Tag Archives: Music

Dear Reader #43

Dear Reader,

My personal top ten this week with Ann’s War proving popular. This mini series has greatly exceeded my expectations.

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https://www.amazon.com/Hannah-Howe/e/B00OK7E24E/

April 1st was Sam’s birthday. I write the stories in ‘real time’ so Sam has a real age, thirty-seven, although believe me she still looks twenty-seven and in terms of attitude to life she’ll always be seventeen 😉

I‘ve been writing about Sam for six years and have enjoyed every minute. Sam is a writer’s dream, always full of stories.

At the moment, I’m storyboarding Looking for Rosanna Mee, book seventeen in the series, and have many more stories planned.

Happy Birthday, Sam! 

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Published today, Mom’s Favorite Reads eMagazine April 2020. As ever, there are some great articles and features included this month. Read or download your copy FREE 🙂

My latest article for the Seaside News

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To date, Imprint Digital have printed all my books. I’m delighted with the quality of their printing and it’s great to see that even in difficult times they are proceeding with the expansion of their printing plant, pictured here.

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My Imprint Digital paperbacks are available from my website at special reduced prices for visitors to my website store.

https://hannah-howe.com/mystore/

This lyric by Al Stewart could serve as a soundtrack to one of the chapters in my Spanish Civil War Saga, The Olive Tree: Roots.

While traveling northwards on a back country lane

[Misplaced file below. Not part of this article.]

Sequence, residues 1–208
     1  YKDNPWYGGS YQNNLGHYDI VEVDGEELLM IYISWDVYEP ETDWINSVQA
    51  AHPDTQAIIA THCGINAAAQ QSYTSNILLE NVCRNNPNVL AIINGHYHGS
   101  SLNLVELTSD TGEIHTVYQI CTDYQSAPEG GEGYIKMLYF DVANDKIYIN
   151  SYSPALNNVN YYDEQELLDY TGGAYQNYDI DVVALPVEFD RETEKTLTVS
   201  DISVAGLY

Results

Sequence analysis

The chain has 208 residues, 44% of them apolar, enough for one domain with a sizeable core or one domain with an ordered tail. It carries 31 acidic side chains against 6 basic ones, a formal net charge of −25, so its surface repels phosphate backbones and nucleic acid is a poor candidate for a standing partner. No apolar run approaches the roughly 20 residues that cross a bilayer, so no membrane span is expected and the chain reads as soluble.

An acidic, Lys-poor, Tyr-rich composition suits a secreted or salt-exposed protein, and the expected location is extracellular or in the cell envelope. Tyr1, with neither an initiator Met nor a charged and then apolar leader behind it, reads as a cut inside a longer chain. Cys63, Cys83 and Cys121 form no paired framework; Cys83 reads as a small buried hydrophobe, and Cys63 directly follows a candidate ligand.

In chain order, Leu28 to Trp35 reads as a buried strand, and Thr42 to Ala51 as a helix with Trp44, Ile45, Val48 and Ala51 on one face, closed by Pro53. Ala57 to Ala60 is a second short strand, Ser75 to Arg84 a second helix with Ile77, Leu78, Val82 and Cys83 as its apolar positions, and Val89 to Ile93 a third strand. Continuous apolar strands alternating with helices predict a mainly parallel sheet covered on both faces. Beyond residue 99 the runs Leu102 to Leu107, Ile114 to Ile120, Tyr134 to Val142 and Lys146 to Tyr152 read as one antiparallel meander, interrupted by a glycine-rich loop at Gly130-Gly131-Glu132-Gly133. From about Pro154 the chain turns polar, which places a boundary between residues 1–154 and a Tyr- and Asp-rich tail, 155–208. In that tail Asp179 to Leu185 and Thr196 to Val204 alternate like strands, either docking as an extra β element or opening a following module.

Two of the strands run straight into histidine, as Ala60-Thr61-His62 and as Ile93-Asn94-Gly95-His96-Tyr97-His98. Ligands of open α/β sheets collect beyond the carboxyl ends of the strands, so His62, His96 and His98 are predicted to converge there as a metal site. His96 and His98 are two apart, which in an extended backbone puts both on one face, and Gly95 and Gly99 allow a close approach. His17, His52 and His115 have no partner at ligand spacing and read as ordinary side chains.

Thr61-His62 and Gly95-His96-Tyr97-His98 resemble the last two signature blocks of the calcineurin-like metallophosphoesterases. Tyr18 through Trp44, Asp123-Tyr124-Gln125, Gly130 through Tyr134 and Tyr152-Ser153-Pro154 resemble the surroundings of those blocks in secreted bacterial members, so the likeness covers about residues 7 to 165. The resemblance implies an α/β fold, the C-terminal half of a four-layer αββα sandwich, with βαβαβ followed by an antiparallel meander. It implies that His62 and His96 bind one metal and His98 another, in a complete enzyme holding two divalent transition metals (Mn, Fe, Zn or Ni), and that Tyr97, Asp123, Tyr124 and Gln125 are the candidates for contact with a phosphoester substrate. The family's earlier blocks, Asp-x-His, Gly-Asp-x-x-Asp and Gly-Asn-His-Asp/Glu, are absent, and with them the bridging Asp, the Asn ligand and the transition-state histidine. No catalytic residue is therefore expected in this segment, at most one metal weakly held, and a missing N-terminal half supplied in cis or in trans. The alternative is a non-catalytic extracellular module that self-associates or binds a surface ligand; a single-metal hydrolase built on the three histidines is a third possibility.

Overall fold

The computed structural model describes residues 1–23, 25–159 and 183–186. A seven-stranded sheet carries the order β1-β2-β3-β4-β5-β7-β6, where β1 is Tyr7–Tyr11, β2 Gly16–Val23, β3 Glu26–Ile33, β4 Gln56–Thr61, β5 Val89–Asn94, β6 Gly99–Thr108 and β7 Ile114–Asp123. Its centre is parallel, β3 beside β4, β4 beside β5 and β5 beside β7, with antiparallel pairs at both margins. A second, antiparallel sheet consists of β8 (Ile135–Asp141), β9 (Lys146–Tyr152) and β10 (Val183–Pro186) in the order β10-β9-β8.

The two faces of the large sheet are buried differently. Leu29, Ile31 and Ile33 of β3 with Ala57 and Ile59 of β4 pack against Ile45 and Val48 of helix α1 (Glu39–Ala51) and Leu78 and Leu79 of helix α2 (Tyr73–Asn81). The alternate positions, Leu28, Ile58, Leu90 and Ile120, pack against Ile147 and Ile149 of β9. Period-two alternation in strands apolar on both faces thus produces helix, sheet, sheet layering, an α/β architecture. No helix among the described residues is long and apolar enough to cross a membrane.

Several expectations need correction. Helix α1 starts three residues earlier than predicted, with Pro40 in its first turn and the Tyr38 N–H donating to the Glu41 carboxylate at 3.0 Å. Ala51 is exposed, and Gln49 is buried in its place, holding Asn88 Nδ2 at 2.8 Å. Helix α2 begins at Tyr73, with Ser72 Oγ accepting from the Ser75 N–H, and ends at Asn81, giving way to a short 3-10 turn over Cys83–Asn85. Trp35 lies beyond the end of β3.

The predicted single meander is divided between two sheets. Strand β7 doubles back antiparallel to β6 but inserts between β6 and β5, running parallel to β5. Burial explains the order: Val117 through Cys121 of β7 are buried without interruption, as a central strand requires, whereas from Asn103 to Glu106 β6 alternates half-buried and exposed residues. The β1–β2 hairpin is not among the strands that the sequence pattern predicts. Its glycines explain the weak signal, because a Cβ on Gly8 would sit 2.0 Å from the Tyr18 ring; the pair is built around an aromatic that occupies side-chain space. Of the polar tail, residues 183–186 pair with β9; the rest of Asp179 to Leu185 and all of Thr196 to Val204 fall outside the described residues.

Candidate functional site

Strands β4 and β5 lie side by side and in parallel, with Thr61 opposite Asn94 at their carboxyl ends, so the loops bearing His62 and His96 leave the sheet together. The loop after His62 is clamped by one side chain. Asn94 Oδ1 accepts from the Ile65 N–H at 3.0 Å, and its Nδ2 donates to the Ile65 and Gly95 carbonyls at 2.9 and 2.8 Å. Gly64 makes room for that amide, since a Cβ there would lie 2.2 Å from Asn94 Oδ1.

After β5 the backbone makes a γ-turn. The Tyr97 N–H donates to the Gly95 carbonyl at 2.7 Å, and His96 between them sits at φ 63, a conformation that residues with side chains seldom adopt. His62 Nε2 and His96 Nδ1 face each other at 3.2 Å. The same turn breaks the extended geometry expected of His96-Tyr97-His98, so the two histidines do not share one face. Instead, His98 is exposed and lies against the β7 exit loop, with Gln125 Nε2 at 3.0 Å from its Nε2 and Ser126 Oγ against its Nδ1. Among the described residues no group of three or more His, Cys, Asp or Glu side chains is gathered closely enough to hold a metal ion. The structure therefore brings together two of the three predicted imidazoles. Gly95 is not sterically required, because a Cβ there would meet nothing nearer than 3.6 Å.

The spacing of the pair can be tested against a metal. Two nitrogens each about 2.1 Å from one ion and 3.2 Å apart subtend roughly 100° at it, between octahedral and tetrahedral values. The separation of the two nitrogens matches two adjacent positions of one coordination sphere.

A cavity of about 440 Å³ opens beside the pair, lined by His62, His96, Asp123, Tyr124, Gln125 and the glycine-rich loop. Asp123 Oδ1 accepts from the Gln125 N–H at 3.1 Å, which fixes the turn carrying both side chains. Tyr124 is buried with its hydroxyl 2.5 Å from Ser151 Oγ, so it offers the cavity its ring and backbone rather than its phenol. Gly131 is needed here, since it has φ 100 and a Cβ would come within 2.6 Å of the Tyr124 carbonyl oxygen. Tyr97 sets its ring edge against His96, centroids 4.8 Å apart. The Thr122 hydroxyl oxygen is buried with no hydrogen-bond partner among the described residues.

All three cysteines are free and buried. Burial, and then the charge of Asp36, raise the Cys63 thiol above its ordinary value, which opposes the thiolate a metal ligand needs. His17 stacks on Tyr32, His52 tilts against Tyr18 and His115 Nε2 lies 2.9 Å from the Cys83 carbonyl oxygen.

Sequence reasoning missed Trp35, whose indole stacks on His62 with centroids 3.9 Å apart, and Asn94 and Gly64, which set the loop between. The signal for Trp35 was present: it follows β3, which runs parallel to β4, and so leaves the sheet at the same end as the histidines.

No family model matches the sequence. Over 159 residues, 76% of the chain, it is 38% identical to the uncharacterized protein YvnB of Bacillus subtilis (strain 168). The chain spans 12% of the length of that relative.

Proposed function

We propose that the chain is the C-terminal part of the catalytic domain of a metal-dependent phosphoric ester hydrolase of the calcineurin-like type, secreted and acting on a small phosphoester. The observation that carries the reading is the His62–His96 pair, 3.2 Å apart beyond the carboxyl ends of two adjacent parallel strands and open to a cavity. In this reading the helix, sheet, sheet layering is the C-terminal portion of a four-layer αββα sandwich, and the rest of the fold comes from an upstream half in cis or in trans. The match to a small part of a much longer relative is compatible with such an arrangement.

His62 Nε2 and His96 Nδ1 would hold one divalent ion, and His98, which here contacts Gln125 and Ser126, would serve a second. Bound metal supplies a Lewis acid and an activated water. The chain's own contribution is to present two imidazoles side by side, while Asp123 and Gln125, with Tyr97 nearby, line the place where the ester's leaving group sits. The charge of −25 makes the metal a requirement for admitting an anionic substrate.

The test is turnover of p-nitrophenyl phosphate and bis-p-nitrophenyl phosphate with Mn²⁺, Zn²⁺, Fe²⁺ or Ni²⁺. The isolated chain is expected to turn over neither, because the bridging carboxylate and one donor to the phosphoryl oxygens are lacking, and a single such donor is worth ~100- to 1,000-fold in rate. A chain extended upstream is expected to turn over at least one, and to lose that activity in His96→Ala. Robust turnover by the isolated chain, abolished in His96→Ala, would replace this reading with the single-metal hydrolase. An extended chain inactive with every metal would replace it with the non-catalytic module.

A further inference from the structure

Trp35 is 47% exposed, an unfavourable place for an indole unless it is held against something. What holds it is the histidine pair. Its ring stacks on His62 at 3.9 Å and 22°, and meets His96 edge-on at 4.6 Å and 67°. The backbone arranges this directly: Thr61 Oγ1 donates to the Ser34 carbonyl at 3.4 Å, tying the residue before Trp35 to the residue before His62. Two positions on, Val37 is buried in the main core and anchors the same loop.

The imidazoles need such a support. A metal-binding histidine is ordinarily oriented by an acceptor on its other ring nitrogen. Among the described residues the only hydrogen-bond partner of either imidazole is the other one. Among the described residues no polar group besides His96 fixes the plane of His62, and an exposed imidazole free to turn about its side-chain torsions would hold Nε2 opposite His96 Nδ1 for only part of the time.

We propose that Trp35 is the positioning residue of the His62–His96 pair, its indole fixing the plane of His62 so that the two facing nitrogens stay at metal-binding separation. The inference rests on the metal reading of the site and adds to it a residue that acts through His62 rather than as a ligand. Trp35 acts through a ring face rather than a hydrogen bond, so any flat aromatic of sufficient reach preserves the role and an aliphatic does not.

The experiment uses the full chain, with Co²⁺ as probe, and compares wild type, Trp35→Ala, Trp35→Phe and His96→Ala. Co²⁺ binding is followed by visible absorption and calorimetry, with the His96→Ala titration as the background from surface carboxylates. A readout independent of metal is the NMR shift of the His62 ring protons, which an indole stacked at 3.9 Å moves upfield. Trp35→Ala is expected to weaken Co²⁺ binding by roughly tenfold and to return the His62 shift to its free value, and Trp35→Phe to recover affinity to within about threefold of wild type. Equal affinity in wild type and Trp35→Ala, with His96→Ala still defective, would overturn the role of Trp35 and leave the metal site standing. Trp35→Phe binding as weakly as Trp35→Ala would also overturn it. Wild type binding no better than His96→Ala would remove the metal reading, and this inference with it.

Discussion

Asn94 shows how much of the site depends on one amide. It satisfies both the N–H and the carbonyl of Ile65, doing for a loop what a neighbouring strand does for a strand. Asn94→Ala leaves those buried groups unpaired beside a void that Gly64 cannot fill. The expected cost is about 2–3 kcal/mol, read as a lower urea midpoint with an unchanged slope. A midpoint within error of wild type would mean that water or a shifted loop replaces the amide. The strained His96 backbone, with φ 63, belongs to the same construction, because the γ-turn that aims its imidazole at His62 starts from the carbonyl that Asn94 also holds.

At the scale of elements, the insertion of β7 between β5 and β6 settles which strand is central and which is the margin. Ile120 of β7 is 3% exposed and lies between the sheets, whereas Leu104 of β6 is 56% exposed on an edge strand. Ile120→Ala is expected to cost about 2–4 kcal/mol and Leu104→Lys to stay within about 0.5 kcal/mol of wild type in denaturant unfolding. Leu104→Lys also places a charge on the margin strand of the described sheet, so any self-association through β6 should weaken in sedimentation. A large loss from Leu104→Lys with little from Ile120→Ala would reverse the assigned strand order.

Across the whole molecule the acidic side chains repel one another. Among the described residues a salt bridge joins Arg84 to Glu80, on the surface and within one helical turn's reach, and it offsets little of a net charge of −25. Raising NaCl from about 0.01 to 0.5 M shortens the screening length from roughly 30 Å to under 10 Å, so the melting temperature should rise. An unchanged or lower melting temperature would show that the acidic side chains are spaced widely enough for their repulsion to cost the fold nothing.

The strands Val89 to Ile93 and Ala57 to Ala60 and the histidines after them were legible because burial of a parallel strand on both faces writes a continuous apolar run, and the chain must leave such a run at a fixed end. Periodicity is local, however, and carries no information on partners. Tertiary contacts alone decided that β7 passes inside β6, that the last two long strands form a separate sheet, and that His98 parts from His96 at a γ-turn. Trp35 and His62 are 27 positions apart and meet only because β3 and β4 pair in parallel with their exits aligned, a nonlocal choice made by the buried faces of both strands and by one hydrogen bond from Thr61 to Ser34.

I came on the village where first I grew

And stopped to climb up the hill once again

Looking down from the tracks to the gray slate roofs

I watched the village moving as the day went slowly by

In the fields we lay here, my very first love and I

Under timeless arcadian skies

Under timeless arcadian skies

The old canal lies sleeping under the sky

The barges are gone to a lost decade

On overgrown banks here, lovers’ footsteps went by

Long before ever the roads were made

And in our turn we passed here and carved our names on trees

As the days washed by like waves of an endless sea

Under timeless arcadian skies

Under timeless arcadian skies

Time runs through your fingers

You never hold it at all till it’s gone

Some fragments just linger with you

Like snow in the spring hanging on

I left the village behind in the night

To fade like a sail on the darkening seas

The shifts and changes in the patterns of life

Will weather it more than the centuries

And in another village, in a far off foreign land

The new day breaks out opening up its hand

And the sun has the moon in his eyes

As he wanders the timeless skies

As part of their psychological assessment, the would-be agents at the SOE training school were shown Rorschach‘s inkblots, including card nine, the card featured here. Most of the students interpreted this image as dragons, which coincidentally is my interpretation.

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Harry Rée is one of the inspirations for Guy Samson, my character in Eve’s War Heroines of SOE, therefore I was delighted to see that Harry’s son, Jonathan, has edited his father’s memoirs and published them recently.

I’m looking forward to reading this book 🙂

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This is exciting, for today at least Operation Locksmith is #1 in France, outselling James Patterson 🙂

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Operation Locksmith is now available for pre-order.

“I understand that you wish to return to France,” the man behind the mahogany desk said.

“That’s correct,” I said.

“Your motivation?” he asked, smoothing the corners of his moustache.

“To do my bit for the war effort,” I said, “to defeat the Nazis and to discover what’s happened to my husband.”